Here we are back at the airport and ready to head home. Lily conned me into buying her a travel pillow at the airport. They look sort of cheerful, but Steve and I don't. I have to say that even after two weeks away, we dreaded going home. We knew we would be walking into cold, wind, and snow...which was exactly what happened! Costa Rica was everything we thought it would be and more. We will be going back!

Monday, January 3, 2011

Costa Rica - Coffee Adventures and More!

This is Part 2 of our recent Costa Rica adventures. After leaving La Fortuna, we headed to Monteverde (the Cloud Forest). We stayed in a town called Santa Elena, which is right next to Monteverde. Both towns are small and tucked away on tiny dirt roads. We heard the latter part of the road getting to Monteverde was difficult and slow going. Long story short, even with our GPS and map, we ended up on the wrong dirt road. After 8 km of driving that was getting worse (e.g. not sure if our little SUV was going to be able to crawl over the rocks), we ran into a Tico farmer who confirmed we were going the wrong way. So it was back into town to find the correct road. After our mishap, the new gravel road was a complete joy to drive on. Still it took us 2.5 hours to go 34 km!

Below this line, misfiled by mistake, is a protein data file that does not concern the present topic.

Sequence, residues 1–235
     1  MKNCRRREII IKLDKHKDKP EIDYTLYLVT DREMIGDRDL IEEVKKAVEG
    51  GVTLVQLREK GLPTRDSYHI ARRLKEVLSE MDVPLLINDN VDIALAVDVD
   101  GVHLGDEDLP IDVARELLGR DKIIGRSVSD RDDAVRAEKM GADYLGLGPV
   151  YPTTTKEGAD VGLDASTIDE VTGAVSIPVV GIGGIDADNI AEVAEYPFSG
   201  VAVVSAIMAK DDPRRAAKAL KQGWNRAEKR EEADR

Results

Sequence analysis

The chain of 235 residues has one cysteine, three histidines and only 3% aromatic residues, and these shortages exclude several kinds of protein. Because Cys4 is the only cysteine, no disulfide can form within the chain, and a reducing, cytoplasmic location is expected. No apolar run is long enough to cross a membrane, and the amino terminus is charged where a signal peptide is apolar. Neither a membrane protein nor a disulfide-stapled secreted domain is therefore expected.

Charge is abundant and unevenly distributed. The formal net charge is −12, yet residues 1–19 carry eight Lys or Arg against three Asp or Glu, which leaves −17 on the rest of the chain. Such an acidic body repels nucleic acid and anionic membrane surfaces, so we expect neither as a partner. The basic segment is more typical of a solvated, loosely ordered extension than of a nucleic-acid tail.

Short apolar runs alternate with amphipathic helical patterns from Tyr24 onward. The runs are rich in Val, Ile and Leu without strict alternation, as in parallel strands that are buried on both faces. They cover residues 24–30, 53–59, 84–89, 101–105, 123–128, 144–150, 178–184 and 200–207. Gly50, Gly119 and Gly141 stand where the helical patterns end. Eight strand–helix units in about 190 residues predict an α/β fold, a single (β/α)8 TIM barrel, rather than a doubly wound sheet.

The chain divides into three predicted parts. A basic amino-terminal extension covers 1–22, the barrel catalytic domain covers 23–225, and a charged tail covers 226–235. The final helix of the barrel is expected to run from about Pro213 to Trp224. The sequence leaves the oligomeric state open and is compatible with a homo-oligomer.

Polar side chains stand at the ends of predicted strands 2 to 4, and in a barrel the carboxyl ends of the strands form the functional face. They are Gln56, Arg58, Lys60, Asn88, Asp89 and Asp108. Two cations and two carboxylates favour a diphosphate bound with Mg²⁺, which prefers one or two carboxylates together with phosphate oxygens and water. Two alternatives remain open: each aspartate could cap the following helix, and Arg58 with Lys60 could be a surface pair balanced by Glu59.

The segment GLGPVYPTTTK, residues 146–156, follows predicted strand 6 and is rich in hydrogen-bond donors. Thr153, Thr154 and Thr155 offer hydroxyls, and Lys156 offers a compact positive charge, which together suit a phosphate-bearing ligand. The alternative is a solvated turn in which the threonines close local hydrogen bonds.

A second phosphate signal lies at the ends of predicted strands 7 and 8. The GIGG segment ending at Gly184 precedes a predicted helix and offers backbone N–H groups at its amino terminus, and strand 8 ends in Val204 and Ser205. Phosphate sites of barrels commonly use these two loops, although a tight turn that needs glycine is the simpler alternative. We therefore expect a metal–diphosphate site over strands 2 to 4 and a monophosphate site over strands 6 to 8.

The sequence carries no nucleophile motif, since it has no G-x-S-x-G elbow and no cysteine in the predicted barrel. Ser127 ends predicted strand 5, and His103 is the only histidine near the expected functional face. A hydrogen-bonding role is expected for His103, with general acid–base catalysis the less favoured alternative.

This was the wrong road.

This was the correct road. Looks a little better?

The Monteverde area was charming. It is in a different climate zone (small Costa Rica has 12 distinct climate zones). It was windy and a lot colder. We actually had on jeans and jackets the entire time. Good thing we had some with us! It was nice to stay at a little rustic cabin too so we had a few days off of restaurant meals. A trip to the local grocery store to stock up on some basic food was all that was needed.